Review: The New Patek Philippe Nautilus Ref. 5811/1G

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The Patek Philippe Nautilus sports watch is the stuff of legends. Originally designed by the one and only Gerald Genta, the Nautilus hit the markets in 1976 in the form of the Ref. 3700, one of the pioneers of the luxury sports watch genre. Over the years, Patek Philippe’s resident sports watch line has evolved mechanically and aesthetically while largely retaining its iconic design. Perhaps the most familiar Nautilus sports watch to the current crop of enthusiasts and collectors is none other than the Ref. 5711. Featuring only the time and date, the Ref. 5711 has always been (and continues to be) one of the most sought after wristwatches in the world, even more so than its complicated siblings. In a move seemingly to extend the life of the Ref. 5711, Patek Philippe had quietly given its movement an update back in 2019. This was soon followed by rumours and later confirmation by Patek in early 2021 that the Ref. 5711 was to be discontinued. After the announcement, two swansong variations emerged, one with an olive green dial in stainless steel, the other – the true final Ref. 5711 – with a Tiffany & Co signed Tiffany blue dial also in stainless steel. As they say: save the best for last.

Patek Philippe Nautilus Ref. 5811/1G

By 2022, the end of the Ref. 5711 was sealed, with all traces of the reference removed from the brand’s current catalogue. The successor of the Ref. 5711 was presented in mid-October, ushering in a new era for the historical sports watch. Here, we bring you the details and our honest thoughts on the new Patek Philippe Ref. 5811/1G in white gold with blue dial, the next generation of the Nautilus sports watch.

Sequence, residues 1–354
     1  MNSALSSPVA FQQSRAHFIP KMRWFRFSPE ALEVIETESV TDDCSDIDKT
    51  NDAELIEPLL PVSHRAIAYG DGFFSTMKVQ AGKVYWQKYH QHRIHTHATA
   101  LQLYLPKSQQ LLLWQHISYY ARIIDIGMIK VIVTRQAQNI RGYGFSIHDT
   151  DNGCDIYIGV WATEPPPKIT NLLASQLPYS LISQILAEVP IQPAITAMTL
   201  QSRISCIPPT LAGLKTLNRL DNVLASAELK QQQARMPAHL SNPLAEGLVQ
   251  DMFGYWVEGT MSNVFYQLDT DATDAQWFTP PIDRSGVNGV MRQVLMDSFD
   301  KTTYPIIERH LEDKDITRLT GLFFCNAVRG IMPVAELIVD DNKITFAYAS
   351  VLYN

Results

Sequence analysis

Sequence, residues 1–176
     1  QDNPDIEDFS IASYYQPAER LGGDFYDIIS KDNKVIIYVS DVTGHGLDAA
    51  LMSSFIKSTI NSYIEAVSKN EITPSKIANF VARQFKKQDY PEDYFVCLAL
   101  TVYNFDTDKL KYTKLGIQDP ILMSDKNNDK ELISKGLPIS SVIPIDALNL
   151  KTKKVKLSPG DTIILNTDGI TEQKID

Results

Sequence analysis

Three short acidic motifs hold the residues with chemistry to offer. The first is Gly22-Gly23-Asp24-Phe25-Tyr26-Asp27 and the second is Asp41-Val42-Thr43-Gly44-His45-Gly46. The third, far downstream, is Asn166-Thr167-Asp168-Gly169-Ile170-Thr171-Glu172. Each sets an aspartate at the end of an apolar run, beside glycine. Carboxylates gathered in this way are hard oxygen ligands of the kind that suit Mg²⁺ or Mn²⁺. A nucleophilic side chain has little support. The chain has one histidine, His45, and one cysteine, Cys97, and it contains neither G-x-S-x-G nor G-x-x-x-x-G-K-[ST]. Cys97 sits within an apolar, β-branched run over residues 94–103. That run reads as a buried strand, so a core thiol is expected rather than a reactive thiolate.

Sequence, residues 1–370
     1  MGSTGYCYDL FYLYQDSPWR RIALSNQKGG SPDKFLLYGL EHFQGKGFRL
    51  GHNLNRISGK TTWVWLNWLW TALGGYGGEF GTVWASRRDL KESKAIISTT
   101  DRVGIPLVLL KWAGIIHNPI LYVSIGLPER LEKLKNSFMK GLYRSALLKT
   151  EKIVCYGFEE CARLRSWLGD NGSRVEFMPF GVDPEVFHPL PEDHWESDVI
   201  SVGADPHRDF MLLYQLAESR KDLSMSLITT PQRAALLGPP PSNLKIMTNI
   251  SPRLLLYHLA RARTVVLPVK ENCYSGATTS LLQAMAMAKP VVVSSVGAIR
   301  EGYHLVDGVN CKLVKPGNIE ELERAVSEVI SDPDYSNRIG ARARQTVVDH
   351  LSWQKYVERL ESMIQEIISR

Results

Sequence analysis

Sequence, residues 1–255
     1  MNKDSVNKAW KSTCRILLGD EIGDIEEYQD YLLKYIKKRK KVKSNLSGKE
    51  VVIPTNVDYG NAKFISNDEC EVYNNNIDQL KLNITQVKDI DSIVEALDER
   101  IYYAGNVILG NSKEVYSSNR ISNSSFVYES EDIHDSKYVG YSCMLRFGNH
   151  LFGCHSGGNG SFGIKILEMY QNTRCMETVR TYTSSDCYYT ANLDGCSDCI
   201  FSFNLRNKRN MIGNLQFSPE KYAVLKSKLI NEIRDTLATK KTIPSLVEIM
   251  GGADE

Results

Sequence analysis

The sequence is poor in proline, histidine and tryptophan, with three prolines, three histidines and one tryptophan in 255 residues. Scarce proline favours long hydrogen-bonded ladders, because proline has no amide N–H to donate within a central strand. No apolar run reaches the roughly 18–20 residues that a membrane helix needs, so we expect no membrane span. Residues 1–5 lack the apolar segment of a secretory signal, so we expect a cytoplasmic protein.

In with the new, out with the old.
Left: the new Nautilus Ref. 5811, Right: the old Nautilus Ref. 5711.

The Case, Dial, and Hands

As its reference number would suggest, the debuting Ref. 5811/1G is crafted in white gold. From afar, it doesn’t look like there’s any differences between the cases of the retired Ref. 5711 and the new Ref. 5811. Indeed, the changes are subtle. Firstly, the Ref. 5811 has a larger case – a negligible 1 mm increase in diameter compared to the Ref. 5711. The second alteration has to do with case construction; where the Ref. 5711 has a modern three-part construction, the Ref. 5811 has a two-part construction – a nod to the original 1976 Nautilus model. This new design comes hand-in-hand with a patent-pending pull-out piece lever system that enables the winding stem to be removed dial-side. This is essential because a two-part case means there is no case back entry.

The new Nautilus model now features a two-part case. What hasn’t changed is the incredible intricacy of the finishing on the case and bracelet.

The case is matched with a white gold bracelet, now with a new patented fold-over clasp. It features four independent catches and a novel lockable adjustment system that allows one to easily adjust the bracelet by two to four millimetres. Everything else pertaining to the exterior remains unchanged, including its exceptional finish.

The new deployant clasp looks the same but is fitted with mechanisms to improve wearer comfort.

The new Ref. 5811 is fitted with a sunburst blue dial (embossed as usual) that gradates towards black on the periphery. The applied hour markers and rounded baton-style hands are all rendered in white gold and coated with luminescent material. The date display at 3 o’clock, highlighted by a white gold aperture frame, is inscribed in the “40 years” font.

The Movement

Driving the Ref. 5811 is the 212-part, in-house Calibre 26-330 S C. The Calibre 26-330 S C is the successor of the Calibre 324 that powered the Ref. 5711 up until 2019. The movement comes with the usual Patek Philippe trappings of the proprietary Gyromax balance and Spiromax hairspring. It also comes with stop-seconds, a functionality that was missing in the Calibre 324. The Calibre 26-330 S C has a power reserve of 35-45 hours and operates at a modern 4 Hz frequency.